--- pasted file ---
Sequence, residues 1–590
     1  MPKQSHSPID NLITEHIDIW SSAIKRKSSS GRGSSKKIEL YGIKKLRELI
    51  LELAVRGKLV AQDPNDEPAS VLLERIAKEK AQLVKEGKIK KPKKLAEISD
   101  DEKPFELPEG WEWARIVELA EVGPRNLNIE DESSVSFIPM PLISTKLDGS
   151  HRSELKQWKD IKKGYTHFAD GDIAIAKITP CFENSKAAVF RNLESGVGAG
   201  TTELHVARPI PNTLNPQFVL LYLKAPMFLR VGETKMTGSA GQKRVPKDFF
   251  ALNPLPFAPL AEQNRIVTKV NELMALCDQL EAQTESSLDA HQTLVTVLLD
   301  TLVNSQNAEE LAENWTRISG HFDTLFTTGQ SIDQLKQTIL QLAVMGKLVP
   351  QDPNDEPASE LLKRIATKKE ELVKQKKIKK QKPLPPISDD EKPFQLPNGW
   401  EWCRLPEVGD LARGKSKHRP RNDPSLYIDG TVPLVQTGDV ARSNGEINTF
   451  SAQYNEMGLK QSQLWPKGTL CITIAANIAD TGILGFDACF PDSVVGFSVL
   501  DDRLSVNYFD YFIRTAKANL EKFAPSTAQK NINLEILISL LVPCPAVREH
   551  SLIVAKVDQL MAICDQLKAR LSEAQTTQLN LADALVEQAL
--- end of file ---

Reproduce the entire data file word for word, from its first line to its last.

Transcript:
Sequence, residues 1–590
     1  MPKQSHSPID NLITEHIDIW SSAIKRKSSS GRGSSKKIEL YGIKKLRELI
    51  LELAVRGKLV AQDPNDEPAS VLLERIAKEK AQLVKEGKIK KPKKLAEISD
   101  DEKPFELPEG WEWARIVELA EVGPRNLNIE DESSVSFIPM PLISTKLDGS
   151  HRSELKQWKD IKKGYTHFAD GDIAIAKITP CFENSKAAVF RNLESGVGAG
   201  TTELHVARPI PNTLNPQFVL LYLKAPMFLR VGETKMTGSA GQKRVPKDFF
   251  ALNPLPFAPL AEQNRIVTKV NELMALCDQL EAQTESSLDA HQTLVTVLLD
   301  TLVNSQNAEE LAENWTRISG HFDTLFTTGQ SIDQLKQTIL QLAVMGKLVP
   351  QDPNDEPASE LLKRIATKKE ELVKQKKIKK QKPLPPISDD EKPFQLPNGW
   401  EWCRLPEVGD LARGKSKHRP RNDPSLYIDG TVPLVQTGDV ARSNGEINTF
   451  SAQYNEMGLK QSQLWPKGTL CITIAANIAD TGILGFDACF PDSVVGFSVL
   501  DDRLSVNYFD YFIRTAKANL EKFAPSTAQK NINLEILISL LVPCPAVREH
   551  SLIVAKVDQL MAICDQLKAR LSEAQTTQLN LADALVEQAL